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ZERO PHV drivers acted on child exploitation ‘red flags’ as Leeds police run test purchase exercise

Teenage volunteer cadets and police officers ‘mystery shopped’ private hire drivers to find NONE responded to 'red flag' behaviour around child sexual exploitation in Leeds.

An undercover operation to identify risks around child sexual exploitation in the local hotel and private hire vehicle economy has been run in Leeds.

Officers from Leeds District Safeguarding’s Child Vulnerability and Exploitation Team worked with colleagues from Leeds North West Neighbourhood Policing Team, police cadet volunteers and staff from Leeds City Council Taxi and Private Hire Licensing to run a ‘test purchase’ style operation targeting hotels and private hire vehicles in outer north-west Leeds.

The initiative, which ran on Saturday night, identified some examples of good practice where deliberate suspicious behaviour was immediately reported to the police, but also other examples where increased awareness and training is needed.

With appropriate safety measures in place, officers and cadet volunteers played the role of older men and young teenage girls.

Working to a carefully devised script, the teams engaged in ‘red flag’ behaviour while trying to book hotel rooms or while on private hire journeys.

This included overt conversations about having condoms, lying about being over 18, agreeing not to tell parents where they were, reminding them about gifts bought and referring to buying alcohol.

Other suspicious behaviour included asking to pay for rooms in cash or without identification and discussing being turned away from other hotels.

Over the course of the evening, they visited four local hotels and took four private hire car journeys in between.

Staff at two of the hotels visited called police with their suspicions, and the teams were refused rooms at the other two hotels, but their concerns were not reported. Staff were debriefed by officers on the night to recognise good practice and offer further advice.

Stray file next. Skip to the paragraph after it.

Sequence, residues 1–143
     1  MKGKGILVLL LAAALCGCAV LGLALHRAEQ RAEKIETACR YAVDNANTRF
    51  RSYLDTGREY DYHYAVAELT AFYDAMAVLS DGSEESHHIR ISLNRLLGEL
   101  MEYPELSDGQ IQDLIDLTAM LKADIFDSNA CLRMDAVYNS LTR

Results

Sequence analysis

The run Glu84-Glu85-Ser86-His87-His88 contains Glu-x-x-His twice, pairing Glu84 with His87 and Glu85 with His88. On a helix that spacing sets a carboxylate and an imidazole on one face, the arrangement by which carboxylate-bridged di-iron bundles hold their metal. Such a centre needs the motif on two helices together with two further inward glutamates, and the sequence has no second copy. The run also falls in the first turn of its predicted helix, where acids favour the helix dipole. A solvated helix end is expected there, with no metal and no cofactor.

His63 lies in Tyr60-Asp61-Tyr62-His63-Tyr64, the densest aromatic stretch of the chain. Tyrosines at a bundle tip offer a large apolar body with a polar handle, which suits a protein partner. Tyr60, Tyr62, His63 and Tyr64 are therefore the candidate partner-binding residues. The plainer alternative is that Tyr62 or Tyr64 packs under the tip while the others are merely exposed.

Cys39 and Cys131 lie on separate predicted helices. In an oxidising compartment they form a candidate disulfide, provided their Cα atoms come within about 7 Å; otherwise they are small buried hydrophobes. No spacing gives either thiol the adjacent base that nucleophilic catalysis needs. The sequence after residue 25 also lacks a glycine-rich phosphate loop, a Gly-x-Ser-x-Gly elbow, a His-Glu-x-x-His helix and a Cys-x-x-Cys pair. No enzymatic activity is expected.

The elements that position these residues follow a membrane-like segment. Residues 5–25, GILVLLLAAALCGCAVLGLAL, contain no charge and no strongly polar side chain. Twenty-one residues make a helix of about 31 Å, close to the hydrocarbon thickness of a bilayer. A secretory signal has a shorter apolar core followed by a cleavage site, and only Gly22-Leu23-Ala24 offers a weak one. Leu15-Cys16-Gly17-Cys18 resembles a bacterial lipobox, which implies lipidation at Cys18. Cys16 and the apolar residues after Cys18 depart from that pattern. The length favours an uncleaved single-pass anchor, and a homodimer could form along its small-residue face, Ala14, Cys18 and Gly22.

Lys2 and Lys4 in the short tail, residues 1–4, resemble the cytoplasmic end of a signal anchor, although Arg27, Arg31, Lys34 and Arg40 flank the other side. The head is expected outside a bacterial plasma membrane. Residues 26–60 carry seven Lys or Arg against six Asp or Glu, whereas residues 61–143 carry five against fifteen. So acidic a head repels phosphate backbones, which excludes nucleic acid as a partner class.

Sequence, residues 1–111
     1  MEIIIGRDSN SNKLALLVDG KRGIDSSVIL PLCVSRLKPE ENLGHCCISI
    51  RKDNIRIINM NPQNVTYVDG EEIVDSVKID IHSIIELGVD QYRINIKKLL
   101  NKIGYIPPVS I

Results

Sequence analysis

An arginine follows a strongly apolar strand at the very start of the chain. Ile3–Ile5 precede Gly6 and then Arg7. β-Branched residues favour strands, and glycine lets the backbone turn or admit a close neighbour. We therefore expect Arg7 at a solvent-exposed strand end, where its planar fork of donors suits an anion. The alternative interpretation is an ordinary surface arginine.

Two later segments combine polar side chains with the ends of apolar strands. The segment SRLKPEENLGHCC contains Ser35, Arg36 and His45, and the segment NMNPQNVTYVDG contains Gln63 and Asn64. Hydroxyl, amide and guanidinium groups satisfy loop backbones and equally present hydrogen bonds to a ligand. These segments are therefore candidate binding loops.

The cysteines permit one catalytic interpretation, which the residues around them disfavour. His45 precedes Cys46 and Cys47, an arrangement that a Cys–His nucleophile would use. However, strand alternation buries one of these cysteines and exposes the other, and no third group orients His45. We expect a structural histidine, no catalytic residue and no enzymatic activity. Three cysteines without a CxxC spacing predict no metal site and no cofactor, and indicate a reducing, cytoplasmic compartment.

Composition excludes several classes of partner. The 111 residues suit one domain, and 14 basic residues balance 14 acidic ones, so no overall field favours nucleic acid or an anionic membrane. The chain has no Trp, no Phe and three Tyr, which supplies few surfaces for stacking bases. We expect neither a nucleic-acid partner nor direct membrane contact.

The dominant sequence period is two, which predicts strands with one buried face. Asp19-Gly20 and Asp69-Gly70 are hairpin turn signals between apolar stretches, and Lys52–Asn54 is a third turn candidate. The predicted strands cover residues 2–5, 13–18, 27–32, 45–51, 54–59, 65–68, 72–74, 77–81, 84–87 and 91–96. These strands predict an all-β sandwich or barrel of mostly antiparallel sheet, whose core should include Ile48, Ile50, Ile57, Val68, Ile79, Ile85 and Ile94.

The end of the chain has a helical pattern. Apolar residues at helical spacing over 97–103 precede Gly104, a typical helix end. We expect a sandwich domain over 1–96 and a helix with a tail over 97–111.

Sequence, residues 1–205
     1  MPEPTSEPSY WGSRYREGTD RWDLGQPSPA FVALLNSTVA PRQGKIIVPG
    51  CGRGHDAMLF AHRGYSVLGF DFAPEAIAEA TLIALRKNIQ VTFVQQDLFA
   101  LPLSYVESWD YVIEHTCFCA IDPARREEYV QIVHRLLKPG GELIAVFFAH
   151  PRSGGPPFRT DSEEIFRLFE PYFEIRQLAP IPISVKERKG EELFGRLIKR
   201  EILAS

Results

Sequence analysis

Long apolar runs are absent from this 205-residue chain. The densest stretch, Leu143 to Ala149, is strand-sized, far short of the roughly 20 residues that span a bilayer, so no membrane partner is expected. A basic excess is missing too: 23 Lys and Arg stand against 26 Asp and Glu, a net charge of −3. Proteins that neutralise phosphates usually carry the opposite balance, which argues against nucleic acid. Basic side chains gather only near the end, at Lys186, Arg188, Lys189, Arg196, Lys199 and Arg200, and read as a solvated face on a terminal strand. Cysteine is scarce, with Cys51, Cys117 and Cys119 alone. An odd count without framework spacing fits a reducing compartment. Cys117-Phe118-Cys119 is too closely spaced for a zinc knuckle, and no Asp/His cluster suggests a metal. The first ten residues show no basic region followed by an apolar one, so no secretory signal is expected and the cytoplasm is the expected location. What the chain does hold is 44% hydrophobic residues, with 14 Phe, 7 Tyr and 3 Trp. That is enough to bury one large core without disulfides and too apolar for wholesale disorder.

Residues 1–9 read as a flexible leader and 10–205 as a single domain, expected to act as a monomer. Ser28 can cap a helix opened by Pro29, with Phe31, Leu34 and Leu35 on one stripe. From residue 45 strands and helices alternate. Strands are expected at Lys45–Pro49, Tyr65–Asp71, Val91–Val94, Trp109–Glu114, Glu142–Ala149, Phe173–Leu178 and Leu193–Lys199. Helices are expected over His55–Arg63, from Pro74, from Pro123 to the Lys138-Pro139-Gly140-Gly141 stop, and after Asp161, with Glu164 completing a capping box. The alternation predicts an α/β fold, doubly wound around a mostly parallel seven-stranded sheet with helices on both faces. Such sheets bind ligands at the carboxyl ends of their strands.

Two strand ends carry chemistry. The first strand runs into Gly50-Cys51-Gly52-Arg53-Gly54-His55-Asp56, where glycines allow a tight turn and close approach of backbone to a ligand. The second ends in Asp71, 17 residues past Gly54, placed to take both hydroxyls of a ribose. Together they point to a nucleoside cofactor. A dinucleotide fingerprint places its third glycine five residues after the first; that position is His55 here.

The private hire drivers involved were later subject to ‘routine’ checks by uniformed police officers and licensing staff, but none raised concerns when asked about their passengers on the night.

Follow-up work is now being carried out around further training, including night-time economy active bystander training, to bolster existing CSE awareness activity in the hotel and private hire trade following the operation.

Detective Superintendent Lee Berry, Head of Crime & Safeguarding for Leeds District, said: “Tackling child sexual exploitation remains a key focus of our work to reduce violence against women and girls.

“Those working in the hotel and private hire vehicle economy have a key role to play in helping us to identify suspicious behaviour and protect victims from harm.

“The suspicious behaviour demonstrated in this operation was based on our real-life experience of the type of activity we see around child sexual exploitation offences.

“This operation was not about catching people out but about identifying where the risks are and raising awareness so we can work together to prevent, deter and disrupt this type of offending.

“We already carry out awareness training for staff in these areas, alongside our partners at Leeds City Council, and it was reassuring to see that increased awareness in action in the examples where staff dealt positively and flagged up their concerns.

“We are now increasing our awareness training focus on those areas highlighted during the operation where more could have been done to help safeguard young people from child sexual exploitation.

“We will be continuing to carry out similar operations in future as part of our ongoing work to improve awareness and protect young people from exploitation and abuse.”


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